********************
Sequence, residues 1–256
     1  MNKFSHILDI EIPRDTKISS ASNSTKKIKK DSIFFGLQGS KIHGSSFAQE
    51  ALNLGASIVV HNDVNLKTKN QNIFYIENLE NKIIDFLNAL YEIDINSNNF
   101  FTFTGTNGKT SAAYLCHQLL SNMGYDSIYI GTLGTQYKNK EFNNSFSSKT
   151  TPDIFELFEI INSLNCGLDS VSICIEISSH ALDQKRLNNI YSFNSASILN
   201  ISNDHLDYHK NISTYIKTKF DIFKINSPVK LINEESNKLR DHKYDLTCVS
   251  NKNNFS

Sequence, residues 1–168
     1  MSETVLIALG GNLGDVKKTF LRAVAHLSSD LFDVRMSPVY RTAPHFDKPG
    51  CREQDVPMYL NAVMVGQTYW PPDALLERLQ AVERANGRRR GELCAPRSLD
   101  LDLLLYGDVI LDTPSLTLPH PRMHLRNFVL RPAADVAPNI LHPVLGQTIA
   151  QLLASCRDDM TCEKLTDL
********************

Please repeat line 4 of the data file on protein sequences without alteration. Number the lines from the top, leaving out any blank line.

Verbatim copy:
   101  FTFTGTNGKT SAAYLCHQLL SNMGYDSIYI GTLGTQYKNK EFNNSFSSKT